NEWTON â€” Just one day after the B.C. Court of Appeal ruled a provincial government bill could restrict bargaining on class size and composition, the Surrey Teachers’ Association held its annual convention – headlined by one of their most vocal supporters from last year’s strike.
Teachers from all over the city packed the gym at Princess Margaret Secondary Friday morning for the keynote speech by beloved children’s entertainer Raffi Cavoukian, who was critical of the B.C. Liberals during the 2014 job action.
"I have a lot of friends this morning," he said, "and I’m a friend of teachers."
Throughout his hour-long talk, Cavoukian primarily discussed human development and "child honouring" – his philosophy of putting children first when designing sustainable environments and communities. But he threw in a few comments about the ruling, voicing his disapproval of Premier Christy Clark.
"Political battles between teachers and a provincial government are such a waste of time," he said. "We all need the support to do our jobs, and your profession needs the respect from this provincial government, and you need a premier who understands that and who supports you in your daily work.
"I honour the work you do, day in and day out in your classrooms. You are the ones in whose care our young will thrive."
In its 4-1 decision, the B.C. Court of Appeal argued that Bill 22, introduced in 2012, did not violate teachers’ constitutional rights by limiting bargaining on class size and composition. The court found the government operated in good faith when consulting with teachers prior to the bill’s introduction, contrary to the findings of B.C. Supreme Court Justice Susan Griffin.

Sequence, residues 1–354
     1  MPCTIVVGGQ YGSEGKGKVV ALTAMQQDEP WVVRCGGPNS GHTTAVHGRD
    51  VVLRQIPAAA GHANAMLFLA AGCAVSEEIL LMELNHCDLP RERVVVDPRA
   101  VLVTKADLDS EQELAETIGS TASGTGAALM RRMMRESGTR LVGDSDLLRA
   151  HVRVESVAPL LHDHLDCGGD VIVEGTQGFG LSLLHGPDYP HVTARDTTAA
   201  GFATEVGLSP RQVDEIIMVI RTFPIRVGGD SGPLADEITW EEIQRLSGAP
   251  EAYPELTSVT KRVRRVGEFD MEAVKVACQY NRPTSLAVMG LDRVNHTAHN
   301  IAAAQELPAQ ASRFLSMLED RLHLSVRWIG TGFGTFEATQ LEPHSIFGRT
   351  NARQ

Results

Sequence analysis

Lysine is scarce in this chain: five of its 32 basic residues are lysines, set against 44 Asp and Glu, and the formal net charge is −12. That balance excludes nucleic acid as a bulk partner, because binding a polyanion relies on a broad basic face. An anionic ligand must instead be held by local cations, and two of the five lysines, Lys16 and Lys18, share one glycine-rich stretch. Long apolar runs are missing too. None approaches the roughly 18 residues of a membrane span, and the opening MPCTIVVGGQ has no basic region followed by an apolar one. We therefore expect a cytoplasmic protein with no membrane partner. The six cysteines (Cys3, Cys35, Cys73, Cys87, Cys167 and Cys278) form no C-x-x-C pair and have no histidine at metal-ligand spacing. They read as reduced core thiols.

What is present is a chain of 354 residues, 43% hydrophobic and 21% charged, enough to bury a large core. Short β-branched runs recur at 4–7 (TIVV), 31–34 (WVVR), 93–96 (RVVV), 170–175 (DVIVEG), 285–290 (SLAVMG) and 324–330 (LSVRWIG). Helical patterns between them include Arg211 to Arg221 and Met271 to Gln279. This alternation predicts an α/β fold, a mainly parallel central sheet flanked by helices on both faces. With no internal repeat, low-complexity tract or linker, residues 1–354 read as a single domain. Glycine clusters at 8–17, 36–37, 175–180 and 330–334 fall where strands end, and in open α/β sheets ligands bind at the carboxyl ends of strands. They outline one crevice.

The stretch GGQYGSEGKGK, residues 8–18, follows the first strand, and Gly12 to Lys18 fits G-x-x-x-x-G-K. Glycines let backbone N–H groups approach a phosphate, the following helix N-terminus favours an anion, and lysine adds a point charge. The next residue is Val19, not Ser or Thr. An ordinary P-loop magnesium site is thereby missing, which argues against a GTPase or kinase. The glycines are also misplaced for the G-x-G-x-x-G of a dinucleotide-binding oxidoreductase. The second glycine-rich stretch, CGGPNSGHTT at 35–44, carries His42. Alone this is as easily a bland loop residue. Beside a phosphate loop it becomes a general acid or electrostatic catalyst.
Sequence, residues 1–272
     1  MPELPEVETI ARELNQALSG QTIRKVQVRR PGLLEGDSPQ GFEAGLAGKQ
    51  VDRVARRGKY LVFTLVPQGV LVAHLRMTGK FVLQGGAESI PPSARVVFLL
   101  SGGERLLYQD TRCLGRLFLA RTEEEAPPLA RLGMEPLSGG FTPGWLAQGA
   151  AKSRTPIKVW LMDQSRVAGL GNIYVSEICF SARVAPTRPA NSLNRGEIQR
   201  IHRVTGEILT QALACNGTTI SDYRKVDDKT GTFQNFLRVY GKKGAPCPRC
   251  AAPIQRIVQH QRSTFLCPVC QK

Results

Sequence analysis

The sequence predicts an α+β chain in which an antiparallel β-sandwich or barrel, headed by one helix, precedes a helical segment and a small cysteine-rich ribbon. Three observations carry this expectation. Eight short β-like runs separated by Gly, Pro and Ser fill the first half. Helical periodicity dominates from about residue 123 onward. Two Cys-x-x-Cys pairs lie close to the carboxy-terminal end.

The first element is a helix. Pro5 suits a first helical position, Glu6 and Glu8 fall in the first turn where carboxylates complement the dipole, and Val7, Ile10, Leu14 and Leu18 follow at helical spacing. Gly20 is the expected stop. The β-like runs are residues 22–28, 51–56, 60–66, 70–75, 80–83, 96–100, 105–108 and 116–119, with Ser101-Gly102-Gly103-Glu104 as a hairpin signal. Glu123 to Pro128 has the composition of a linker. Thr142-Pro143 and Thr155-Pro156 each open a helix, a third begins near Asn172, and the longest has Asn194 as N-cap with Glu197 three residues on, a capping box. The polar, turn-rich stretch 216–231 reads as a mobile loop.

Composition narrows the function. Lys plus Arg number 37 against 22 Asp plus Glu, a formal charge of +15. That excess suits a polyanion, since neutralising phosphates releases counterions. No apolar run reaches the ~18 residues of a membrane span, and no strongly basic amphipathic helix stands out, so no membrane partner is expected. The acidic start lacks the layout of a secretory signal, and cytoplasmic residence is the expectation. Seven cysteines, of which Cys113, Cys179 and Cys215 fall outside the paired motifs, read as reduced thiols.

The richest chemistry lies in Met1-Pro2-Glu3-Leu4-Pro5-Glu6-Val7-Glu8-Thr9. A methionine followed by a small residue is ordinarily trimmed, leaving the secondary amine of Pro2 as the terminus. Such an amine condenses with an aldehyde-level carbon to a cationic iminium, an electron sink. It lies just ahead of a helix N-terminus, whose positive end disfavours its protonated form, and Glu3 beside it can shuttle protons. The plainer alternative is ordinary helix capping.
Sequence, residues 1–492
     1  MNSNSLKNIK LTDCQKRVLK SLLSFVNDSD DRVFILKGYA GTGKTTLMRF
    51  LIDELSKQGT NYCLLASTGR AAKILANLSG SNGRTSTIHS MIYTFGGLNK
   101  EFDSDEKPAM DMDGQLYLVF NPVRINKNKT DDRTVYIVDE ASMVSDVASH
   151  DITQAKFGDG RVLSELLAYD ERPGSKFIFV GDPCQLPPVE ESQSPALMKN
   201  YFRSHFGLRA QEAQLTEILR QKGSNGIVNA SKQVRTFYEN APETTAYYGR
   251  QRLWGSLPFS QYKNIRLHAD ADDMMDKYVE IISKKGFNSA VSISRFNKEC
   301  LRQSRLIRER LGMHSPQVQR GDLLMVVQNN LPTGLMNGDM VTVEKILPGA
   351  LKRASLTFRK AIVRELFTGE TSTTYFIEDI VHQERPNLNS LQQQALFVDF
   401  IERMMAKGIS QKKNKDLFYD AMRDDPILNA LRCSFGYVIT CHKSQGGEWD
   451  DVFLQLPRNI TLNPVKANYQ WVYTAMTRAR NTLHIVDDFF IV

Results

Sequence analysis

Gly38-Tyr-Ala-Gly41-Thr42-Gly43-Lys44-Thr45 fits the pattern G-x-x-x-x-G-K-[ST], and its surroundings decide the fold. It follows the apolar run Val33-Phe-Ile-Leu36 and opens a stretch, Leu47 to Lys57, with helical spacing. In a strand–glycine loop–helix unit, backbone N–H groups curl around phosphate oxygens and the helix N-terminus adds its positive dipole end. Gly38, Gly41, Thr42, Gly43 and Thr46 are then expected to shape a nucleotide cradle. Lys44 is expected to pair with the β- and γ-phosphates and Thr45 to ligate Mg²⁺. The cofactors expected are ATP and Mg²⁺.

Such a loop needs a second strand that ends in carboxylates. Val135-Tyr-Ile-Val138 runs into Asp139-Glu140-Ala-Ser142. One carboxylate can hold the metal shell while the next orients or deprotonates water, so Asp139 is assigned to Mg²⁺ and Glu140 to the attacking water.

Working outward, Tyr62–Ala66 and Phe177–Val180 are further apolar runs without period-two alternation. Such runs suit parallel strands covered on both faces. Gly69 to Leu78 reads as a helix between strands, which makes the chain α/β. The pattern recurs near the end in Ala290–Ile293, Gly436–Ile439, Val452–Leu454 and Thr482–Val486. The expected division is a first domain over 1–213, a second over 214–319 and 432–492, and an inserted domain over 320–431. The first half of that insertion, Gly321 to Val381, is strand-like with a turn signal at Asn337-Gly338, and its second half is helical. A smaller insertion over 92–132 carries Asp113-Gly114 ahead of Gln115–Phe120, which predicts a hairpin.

While the B.C. Teachers’ Federation won two lower court rulings on the matter, STA president Jennifer Wadge said there was a fear that the appeals court would partly disagree with those rulings.
"We thought we might lose on some issues, but the overwhelming decision was really shocking and really disappointing," said Wadge. "It has huge implications for workers who bargain with government in this province."
MJ Norris Elementary teacher Darrell Hagglund said teachers were initially confident the appeals court would rule in their favour, but as the decision drew closer, there was less certainty.
"I think, early on last year, we thought it was going to be upheld," he said. "But hearing the rumblings through the STA and different professionals, it did not seem very positive."
"You just always look at precedent," said his colleague, Trevor Driedger. "With the health-care workers, there was the same situation."
Both agreed that whether or not the court ruled in favour of B.C. government, the case was destined to go to the Supreme Court of Canada. The BCTF has said it will seek to appeal the decision to the high court.
"The government wouldn’t have given up if we had won," said Hagglund. "It’s just the next phase, which is too bad because it’s more money and it’s more headache."